Contesting a Will in Colorado Isn't Easy

It's an uphill battle, but attorneys say it's possible

Will contests are often a culmination of a lifetime of perceptions about family interactions. Many cases arise from blended families—be it a second spouse inherits more than the decedent’s children think they should, or the kids believe the stepsiblings should have been left out altogether. “Will contests usually get started when people have expectations based on what their parent has told them will happen with their estate that are different than what that parent wrote in his or her …

How Do You Find a Good Personal Injury Attorney in Texas?

Things to look for when selecting the law firm to handle your personal injury claim

When you’ve been injured and are looking for legal help, you want to know that the person in your corner is well-qualified for the job. Experience and results are two key considerations to keep in mind, says Quentin Brogdon, a personal injury attorney at Crain Brogdon in Dallas. “A client should not want a lawyer to be learning how to handle a new type of case using the client’s case for that purpose,” he says. Bill Dippel, a personal injury attorney at the Law Offices of William …

'A Box Seat at the World Series'

Chip Robertson on his stint with Missouri’s highest court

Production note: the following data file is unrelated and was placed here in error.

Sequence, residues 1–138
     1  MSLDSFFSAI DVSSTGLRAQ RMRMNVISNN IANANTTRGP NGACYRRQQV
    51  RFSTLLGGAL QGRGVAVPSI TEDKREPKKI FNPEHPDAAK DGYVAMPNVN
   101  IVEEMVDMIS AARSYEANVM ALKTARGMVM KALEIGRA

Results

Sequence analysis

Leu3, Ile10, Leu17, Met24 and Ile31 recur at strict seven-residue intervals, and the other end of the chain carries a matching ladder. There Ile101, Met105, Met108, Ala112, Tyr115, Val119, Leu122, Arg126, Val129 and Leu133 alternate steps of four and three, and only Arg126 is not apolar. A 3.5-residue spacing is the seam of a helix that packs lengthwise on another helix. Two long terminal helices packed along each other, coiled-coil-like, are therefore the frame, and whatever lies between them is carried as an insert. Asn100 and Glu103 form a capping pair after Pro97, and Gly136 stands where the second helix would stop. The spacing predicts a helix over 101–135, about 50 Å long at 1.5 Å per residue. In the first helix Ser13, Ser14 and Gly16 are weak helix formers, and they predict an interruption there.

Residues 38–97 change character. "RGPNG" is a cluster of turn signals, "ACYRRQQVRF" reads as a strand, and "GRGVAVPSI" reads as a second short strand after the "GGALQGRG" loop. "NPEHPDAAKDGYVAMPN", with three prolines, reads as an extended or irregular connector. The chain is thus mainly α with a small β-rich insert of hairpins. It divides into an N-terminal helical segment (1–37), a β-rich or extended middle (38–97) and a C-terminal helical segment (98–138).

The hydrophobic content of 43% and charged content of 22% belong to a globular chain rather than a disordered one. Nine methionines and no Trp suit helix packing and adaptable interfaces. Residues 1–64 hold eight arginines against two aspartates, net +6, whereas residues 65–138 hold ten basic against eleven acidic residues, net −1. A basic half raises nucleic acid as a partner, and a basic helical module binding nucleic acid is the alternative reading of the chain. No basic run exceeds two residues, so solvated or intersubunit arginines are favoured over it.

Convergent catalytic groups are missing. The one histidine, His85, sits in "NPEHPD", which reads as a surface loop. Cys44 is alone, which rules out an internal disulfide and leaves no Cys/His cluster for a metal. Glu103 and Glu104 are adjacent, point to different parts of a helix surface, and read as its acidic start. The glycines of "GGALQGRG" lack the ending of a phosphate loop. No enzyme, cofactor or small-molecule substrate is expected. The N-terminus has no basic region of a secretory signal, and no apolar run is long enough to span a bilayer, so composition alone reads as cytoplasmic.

What was your path to the Missouri Supreme Court?  I was Governor Ashcroft’s chief of staff. And, before that, I had been the number two guy in the attorney general’s office. I was barely 33—and that was basically as young as it had ever been in Missouri. The Supreme Court at that time had six guys, all of whom were older than my father, and most of whom hated each other. There was a sense, among some of the people who were interested in getting the court to do its job a little better, …

Who Gets the Pet in a Breakup?

How to solve or avoid a pet-custody dispute in the Battle Born State

If you have a child, and you’re going through a breakup or divorce, putting a child-custody plan in place is going to be part of the process. More and more, splitting couples are also having to decide who gets the pet. While the safest option is for the partners to decide who gets the pet in the event of a breakup or divorce at the time of adoption or purchase, Jennifer Braster, a business litigator at law firm Naylor & Brastor in Las Vegas, says, “Most people don't think that way. And …

What to Do If You're Injured While Riding a Bike

How to expect the unexpected in NYC

In 2019, there were more than 3,800 motor vehicle accidents involving a cyclist who was seriously injured or killed in the New York City area, according to Marc S. Albert, a personal injury attorney at his eponymous firm in Astoria.  “Motorists often don’t look out for bicyclists—whether it’s opening a door, going through an intersection, or making a turn,” he says, adding that drivers not seeing bikes in blind spots is another common culprit. Doorings are the most common …